There is so much that can be said about so many subjects and areas of life that are in decline but there is one common area of experience, a point of no return or saturation point that hits in the gut with life destroying consequences. It’s a point individuals en mass have recently reached and now town, city, state and federal governments around the world are reaching it – but not quite simultaneously. Anyone who has been there knows when you have borrowed more money than you can ever hope to pay back your life changes in really disturbing ways. It is at these points that we lose the choice of good outcome or bad outcome we only have bad outcomes to choose from.

How we or organizations or governments act at such a time makes all the difference in the world as far as outcome. The problem is that no outcome is going to be favorable but if we choose incorrectly we can destroy lives and even nations and beyond that our entire modern civilization. This is where governments are at now. They spend so much more than they take in they are left with only bad choices and they are choosing badly making the consequences dramatically worse but there is no other political way. It’s baked into the cake already, so to speak. From all the wrongs and corruptions things can only get worse until they cannot get any worse so the bad replicates and multiplies (increasing unpayable debt) until it collapses and the system goes out like a wild fire. Government debt is the very bedrock of the financial system: should Greek government bonds collapse or any countries bonds collapse it will threaten the entire system because everyone owes money to everyone else.

The percentage of US personal income coming from private sector earnings hit an all-time low and is now just 41%! At the same time, obviously, the percentage of income coming from direct government payments has risen sharply in recent years and is now at an all-time high.

So when a government starts considering bankruptcy bankers start losing their sleep. Consider the facts, bankruptcy is inevitable for insolvency and fiscal madness is already the reality in most countries in the first world with many town municipalities, cities and states right behind them. It’s a stop the music moment around the chairs when bankruptcy is actually declared – for individuals its one thing but for governments it’s entirely on a different scale with disastrous consequences to the system if a country goes down like Greece, or a state like California, or a city like Los Angeles.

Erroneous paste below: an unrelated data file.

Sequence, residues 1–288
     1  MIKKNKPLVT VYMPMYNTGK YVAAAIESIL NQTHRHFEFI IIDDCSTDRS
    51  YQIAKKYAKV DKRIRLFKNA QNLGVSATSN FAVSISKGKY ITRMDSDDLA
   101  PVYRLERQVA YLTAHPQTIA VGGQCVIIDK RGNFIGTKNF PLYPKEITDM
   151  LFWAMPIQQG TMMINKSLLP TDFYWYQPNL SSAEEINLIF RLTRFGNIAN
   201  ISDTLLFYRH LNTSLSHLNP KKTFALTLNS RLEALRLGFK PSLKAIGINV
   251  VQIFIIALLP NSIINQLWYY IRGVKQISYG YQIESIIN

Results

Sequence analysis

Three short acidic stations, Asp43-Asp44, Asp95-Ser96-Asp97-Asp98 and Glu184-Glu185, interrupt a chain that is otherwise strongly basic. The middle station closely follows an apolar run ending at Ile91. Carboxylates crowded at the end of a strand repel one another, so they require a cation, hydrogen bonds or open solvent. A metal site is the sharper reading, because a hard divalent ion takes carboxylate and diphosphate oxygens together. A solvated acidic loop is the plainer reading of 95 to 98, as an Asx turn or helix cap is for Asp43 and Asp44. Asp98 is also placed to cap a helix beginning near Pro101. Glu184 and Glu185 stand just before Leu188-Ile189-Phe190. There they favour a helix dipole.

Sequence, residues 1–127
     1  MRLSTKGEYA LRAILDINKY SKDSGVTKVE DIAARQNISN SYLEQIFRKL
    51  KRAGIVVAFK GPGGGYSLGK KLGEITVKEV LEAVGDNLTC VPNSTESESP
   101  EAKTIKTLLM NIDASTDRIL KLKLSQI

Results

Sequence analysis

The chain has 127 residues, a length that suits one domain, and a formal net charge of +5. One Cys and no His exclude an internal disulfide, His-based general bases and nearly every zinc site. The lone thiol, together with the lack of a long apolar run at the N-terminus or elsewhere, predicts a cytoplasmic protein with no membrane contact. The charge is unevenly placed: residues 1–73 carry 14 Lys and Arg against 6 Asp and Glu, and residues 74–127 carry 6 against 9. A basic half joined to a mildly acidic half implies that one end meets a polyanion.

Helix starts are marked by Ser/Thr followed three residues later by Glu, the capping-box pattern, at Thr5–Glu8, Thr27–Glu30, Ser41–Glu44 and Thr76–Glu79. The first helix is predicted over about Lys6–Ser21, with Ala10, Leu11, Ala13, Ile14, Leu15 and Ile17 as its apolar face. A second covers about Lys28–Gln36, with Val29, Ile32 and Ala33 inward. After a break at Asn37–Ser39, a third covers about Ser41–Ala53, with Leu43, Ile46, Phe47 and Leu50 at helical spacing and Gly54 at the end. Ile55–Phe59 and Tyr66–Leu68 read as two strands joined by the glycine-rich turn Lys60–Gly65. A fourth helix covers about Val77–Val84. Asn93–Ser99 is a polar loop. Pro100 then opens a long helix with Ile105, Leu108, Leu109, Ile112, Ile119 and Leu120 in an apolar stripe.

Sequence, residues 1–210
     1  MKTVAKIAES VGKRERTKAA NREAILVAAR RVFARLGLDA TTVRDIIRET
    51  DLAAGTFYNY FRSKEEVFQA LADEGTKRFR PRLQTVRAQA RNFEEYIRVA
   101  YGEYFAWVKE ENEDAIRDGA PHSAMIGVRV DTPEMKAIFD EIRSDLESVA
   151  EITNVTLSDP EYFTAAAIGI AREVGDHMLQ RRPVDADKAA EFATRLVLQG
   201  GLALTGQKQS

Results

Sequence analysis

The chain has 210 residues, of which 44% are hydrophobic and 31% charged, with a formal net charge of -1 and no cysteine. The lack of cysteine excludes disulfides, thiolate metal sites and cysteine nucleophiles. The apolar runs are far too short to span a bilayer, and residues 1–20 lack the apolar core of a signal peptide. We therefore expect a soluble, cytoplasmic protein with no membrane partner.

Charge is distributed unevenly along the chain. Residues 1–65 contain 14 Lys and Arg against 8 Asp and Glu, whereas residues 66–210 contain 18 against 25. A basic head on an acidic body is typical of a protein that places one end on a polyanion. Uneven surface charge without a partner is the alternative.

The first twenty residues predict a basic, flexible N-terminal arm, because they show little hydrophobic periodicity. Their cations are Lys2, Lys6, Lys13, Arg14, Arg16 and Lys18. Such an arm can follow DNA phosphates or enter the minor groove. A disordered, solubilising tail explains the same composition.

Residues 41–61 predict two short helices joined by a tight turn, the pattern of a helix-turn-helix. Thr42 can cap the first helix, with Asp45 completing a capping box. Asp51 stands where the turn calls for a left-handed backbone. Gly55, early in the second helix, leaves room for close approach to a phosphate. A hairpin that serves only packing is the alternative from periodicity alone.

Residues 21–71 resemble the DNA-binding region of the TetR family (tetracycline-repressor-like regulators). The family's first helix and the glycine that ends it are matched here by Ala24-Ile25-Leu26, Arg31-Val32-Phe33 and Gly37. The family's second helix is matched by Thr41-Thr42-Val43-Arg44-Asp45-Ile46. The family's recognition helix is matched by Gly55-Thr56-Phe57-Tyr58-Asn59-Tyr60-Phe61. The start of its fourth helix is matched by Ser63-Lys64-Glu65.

Justice Litle, Editorial Director, Taipan Publishing Group published an important commentary on this issue and moment that many are passing through:

“When a household accumulates a certain amount of debt, for example, there comes a point where bankruptcy is the only logical option. Imagine a man with a $50,000 salary and $200,000 in credit card debt, racking up 24% interest at a compounding rate, trying desperately to handle the bills while supporting a family of four. The math in such a situation quickly becomes impossible. Unless the man is willing to starve his children, move into a shelter, or some other drastic thing, the debt dynamics force him to consider bankruptcy… or to otherwise completely throw his hand in on paying back what he owes.”

“Bankruptcy is a horrible thing to experience. It is a pride-sapping process and a humbling admission of defeat. But sometimes, it is also the right thing to do. In certain situations, the avoidance of bankruptcy only makes the problem worse. Think of the family man with $200,000 in credit card debts again. Imagine if this man were to refuse bankruptcy as a point of stubborn pride, deciding he could cut back on expenses instead.”